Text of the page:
The Armenian Genocide-era insurance claims case has traveled a long and complex legal path, which has included three separate and conflicting opinions from the Ninth Circuit Court of Appeals, the most recent on Feb. 23, 2012. That decision struck down the California law extending the statute of limitations for certain life insurance claims based on an unprecedented expansion of the rarely invoked doctrine of foreign affairs field preemption. Defendant Munich Re, a German insurance company, is represented by Neil Soltman of Mayer Brown’s Los Angeles office.

Plaintiffs’ petition to the Supreme Court to hear the case was filed by Igor Timofeyev of Paul Hastings, LLP.  Claims for unpaid life insurance policies dating back to the Armenian Genocide were first brought by plaintiffs’ attorney Vartkes Yeghiayan.  Attorneys who have been representing plaintiffs include Lee Crawford Boyd, Rajika Shah, Mark Geragos, and Brian Kabateck.

Among the parties supporting plaintiffs’ appeal were California Attorney General Kamala Harris, who was joined by Nevada Attorney General Catherine Cortez Masto, Michigan Attorney General Bill Schuette, and Rhode Island Attorney General Peter Kilmartin. Attorneys General Masto and Kilmartin had also joined Attorney General Harris on a previous amicus brief, when it was before the Ninth Circuit.

Leading up to the filing, the ANCA had organized a citizen campaign to engage attorneys general from across the country about the importance of this case and defending Armenian-American property claims.  An amicus brief also was filed by several federal and state legislators, including Congresswoman Jackie Speier (D-Calif.), who was a lead author of the California statute at issue when she was a California State Senator, Ranking Member of the House Foreign Affairs Committee Howard Berman (D-Calif.), Representatives David Cicilline (D-R.I.), Anna Eshoo (D-Calif.), Frank Pallone (D-N.J.), Ed Royce (R-Calif.), Adam Schiff (D-Calif.), and Brad Sherman (D-Calif.). Members of the legislature of the State of California who joined the brief were Senate President pro Tempore Darrell Steinberg, Majority Leader of the Assembly Charles Calderon (D-58), Senator Kevin de León (D-22), and Assembly Members Katcho Achadjian (R-33) and Anthony Portantino (D-44).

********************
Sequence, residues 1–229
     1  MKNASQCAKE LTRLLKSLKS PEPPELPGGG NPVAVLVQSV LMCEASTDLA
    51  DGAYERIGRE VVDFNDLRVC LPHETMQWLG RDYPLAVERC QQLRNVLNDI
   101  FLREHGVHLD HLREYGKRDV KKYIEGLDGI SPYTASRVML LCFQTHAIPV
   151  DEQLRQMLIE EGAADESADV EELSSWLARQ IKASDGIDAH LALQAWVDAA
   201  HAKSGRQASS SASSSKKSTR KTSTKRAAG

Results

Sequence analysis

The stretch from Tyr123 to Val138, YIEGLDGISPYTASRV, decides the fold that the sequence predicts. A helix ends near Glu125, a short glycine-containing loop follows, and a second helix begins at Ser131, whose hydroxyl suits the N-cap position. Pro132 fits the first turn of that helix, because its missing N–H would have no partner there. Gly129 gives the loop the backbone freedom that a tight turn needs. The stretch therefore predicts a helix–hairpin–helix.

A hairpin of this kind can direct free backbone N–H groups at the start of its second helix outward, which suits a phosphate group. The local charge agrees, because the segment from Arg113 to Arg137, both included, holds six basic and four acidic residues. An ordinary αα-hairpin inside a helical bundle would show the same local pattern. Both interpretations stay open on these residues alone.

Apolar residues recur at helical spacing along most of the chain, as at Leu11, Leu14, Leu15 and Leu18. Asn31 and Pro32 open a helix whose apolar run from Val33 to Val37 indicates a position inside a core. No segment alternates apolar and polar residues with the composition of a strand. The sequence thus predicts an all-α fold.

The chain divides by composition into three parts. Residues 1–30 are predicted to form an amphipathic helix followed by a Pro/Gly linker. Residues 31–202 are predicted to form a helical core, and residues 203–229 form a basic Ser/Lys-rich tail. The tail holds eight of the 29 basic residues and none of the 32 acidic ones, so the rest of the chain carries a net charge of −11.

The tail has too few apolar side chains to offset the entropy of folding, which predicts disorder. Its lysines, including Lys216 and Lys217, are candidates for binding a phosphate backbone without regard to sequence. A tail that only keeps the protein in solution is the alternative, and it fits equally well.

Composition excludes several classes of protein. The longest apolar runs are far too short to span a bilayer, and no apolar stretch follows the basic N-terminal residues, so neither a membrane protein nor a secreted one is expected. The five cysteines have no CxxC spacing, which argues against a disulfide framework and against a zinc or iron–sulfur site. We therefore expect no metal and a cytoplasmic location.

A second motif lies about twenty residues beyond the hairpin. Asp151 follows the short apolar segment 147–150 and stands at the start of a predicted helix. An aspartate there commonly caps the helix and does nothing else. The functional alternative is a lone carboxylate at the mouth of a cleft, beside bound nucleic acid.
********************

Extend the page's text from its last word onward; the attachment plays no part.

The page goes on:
A series of amicus briefs were filed in support of the plaintiffs’ petition including a filing by U.S. federal and state legislators, filed by attorneys Mary-Christine Sungaila and Seepan Parseghian at the firm of Snell and Willmer, LLP.

The complete set of filings can be viewed at http://www.anca.org/legal/insuranceclaims.

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13 Comments

  1. Is this a surprise to anyone? Does anyone remember anything positive done by the US government in favor of Armenians? I am not talking about lip service, I am talking about tangible actions.

  2. with Erdogan’s friend Obama in the White House, this decision was to be expected. It’s amazing that the Federal govt interferes in private claims.